Security researchers from the University of Michigan and Zhejiang University in China have demonstrated a new and unusual DDoS attack method that uses sound waves to cause physical damage to hard drives and cause PCs to crash, without the usage of any special, advanced equipment.
Researchers demonstrated this attack method last week at the IEEE symposium on Security and privacy in San Francisco in which they targeted a digital video security camera that contained a DVR which stored footage on a hard disk drive. When hit by the acoustic attack, the camera could no longer save the video data to the RAM.
In about 12 seconds the camera ran out of available space and lost all data until the attack stopped.
“Adversaries without special-purpose equipment can cause errors in the hard disk drive using either audible or ultrasonic acoustic waves. Audible waves vibrate the read/write head and platters; ultrasonic waves alter the output of the HDD’s shock sensor, intentionally causing the head to park,” according to the research paper entitled- "Blue Note - How Intentional Acoustic Interference Damages Availability and Integrity in Hard Disk Drives and Operating Systems."
However, this type of attack can result in corruption of OS, application level problems and hard disk data corruption causing the system reboot or even cause the dreaded Blue Screen of Death.
“Our experiments show that audible sound causes the head stack assembly to vibrate outside of operational bounds; ultrasonic sound causes false positives in the shock sensor, which is designed to prevent a head crash,” the research paper read. “For self-stimulation attacks, the victim accesses the adversary’s website — perhaps through a phishing attack or a link within a malicious email.
“The site then plays malicious audio without permission over the system’s built-in speaker to attack the HDD. The frequency response of a built-in speaker may limit the ability for an adversary to deliver ultrasonic attacks, but some speakers may be able to deliver ultrasonic or near ultrasonic tones.”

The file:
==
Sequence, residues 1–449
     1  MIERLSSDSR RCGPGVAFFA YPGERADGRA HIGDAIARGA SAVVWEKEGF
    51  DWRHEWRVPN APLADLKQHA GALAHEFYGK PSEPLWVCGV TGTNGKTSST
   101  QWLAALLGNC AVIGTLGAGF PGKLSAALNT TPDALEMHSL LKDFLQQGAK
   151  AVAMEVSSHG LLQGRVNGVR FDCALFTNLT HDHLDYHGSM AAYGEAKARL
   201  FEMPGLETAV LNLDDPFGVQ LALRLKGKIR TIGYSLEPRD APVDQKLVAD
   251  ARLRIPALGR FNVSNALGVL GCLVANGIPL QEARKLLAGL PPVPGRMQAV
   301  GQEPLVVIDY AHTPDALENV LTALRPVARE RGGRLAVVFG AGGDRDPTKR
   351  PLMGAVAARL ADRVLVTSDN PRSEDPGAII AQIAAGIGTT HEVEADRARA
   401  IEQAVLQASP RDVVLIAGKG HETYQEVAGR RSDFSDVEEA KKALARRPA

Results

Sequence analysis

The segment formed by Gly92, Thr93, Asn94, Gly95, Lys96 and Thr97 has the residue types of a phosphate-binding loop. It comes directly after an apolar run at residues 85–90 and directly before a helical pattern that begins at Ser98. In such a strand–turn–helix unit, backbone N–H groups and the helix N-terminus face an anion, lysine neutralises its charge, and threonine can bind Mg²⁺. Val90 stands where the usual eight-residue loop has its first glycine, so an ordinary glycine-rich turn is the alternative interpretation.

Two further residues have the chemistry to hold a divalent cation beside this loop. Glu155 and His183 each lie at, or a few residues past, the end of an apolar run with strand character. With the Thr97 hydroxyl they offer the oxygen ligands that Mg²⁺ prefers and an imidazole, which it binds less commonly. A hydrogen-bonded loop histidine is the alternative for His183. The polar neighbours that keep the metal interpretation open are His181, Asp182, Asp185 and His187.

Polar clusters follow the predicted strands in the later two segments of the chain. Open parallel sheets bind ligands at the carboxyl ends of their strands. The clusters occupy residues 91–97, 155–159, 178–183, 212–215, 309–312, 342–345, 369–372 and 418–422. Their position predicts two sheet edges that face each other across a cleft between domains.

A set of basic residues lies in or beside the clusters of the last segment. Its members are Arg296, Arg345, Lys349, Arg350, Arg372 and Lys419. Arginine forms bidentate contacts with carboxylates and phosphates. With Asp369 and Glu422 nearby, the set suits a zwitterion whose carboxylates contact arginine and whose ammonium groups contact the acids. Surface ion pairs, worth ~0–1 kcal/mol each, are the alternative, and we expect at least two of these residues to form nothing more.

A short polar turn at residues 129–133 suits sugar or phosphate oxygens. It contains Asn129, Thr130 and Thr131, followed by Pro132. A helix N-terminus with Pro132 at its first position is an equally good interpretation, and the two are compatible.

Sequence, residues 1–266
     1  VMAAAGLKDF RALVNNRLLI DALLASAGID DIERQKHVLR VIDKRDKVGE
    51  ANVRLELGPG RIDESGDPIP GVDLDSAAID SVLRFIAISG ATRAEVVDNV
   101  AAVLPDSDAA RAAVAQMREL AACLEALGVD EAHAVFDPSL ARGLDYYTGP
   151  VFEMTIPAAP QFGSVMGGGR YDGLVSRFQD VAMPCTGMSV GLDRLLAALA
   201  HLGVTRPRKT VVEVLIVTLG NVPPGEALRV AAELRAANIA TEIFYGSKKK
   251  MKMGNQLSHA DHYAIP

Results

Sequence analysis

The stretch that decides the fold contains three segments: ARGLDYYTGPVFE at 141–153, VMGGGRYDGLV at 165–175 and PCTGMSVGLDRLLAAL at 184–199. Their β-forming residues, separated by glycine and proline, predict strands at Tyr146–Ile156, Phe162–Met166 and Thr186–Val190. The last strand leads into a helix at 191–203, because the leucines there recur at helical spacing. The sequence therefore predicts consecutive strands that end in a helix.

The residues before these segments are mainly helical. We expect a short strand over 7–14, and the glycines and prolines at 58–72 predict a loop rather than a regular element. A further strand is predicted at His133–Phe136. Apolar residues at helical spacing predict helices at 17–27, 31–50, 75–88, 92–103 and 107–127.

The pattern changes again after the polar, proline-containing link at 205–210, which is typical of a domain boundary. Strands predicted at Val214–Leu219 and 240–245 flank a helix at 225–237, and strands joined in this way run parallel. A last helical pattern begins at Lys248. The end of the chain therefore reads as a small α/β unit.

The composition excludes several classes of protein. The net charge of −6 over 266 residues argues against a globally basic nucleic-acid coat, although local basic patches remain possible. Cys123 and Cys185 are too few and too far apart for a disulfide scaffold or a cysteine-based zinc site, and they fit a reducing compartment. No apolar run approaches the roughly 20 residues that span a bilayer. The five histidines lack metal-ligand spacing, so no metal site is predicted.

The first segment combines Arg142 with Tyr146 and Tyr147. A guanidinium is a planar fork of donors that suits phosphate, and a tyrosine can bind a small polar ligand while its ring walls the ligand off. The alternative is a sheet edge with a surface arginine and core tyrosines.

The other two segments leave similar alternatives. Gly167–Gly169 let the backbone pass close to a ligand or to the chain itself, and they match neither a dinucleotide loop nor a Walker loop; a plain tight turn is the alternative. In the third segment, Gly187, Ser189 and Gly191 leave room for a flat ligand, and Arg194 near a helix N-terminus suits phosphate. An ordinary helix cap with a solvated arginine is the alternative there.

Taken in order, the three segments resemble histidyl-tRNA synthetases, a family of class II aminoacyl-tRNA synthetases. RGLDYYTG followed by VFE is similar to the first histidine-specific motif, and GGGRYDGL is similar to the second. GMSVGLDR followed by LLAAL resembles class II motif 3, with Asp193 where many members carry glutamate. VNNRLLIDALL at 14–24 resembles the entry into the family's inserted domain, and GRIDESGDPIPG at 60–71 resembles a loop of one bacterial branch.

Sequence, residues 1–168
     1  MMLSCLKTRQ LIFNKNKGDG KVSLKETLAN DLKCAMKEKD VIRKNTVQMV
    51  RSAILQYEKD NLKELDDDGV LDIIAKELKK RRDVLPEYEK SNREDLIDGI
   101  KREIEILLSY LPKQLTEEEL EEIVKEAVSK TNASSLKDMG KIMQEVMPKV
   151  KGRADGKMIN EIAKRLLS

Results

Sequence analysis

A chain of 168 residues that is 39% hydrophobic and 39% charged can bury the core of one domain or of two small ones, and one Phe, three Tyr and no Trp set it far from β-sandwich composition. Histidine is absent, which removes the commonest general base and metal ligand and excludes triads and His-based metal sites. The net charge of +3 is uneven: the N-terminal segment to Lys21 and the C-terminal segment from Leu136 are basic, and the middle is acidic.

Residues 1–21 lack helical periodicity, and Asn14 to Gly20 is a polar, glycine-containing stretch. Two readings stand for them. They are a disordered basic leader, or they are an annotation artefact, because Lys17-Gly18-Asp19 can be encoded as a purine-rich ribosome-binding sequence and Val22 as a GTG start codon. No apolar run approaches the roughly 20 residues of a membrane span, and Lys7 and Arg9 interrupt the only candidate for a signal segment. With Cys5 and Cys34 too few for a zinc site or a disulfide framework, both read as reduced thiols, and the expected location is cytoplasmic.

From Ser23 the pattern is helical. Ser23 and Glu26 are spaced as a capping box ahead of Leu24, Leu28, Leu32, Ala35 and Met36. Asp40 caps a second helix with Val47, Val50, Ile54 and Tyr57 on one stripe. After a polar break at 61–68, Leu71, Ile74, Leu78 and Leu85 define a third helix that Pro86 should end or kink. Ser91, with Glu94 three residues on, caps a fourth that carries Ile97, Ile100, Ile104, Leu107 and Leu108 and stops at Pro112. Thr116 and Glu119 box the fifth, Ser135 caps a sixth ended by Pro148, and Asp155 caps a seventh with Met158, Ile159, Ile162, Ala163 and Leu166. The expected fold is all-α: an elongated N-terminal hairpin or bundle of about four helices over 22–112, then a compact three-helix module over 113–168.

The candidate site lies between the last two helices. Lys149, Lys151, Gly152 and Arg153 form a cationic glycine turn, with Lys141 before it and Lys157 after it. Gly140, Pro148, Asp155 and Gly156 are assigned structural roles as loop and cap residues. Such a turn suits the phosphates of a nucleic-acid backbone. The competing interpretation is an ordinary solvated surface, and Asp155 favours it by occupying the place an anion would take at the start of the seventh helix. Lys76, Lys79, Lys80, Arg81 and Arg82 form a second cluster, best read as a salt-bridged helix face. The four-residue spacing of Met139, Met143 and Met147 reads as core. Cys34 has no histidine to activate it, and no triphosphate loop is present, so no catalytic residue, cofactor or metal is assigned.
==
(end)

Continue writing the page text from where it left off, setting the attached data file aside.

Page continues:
Proof-of-concept tests were conducted on three different HDD manufacturers: Western Digital, Toshiba, and Seagate. Attack scenarios also involved vibrations created by ultrasonic tones at a frequency higher than can be heard by humans (20 kHz and higher).
The test on the Toshiba HDD resulted in possible damage to the head controller, researchers said. Testing the Western Digital Blue WD5000LPVX HHD with the internal HP DC7600U speaker resulted in the freezing of the HP Elite Minitower desktop PC in which the HDD was equipped.
“The operating system does not seem to handle this error correctly, leading to UNEXPECTED_STORE_EXCEPTION. This indicates that the memory manager required data from the disk, but was unable to write into memory because of an in-page I/O error,” researchers said.
According to researchers, older systems that still use legacy magnetic HDD technology are highly vulnerable to these attacks. This technology is usually found in medical devices and other legacy systems that are difficult to retire such as the CCTV surveillance camera storage.
“Defenses include mitigating attacks in vulnerable frequency bands with attenuation controllers, using sensor fusion to detect attacks, and noise dampening materials to attenuate the signal.” the research paper noted.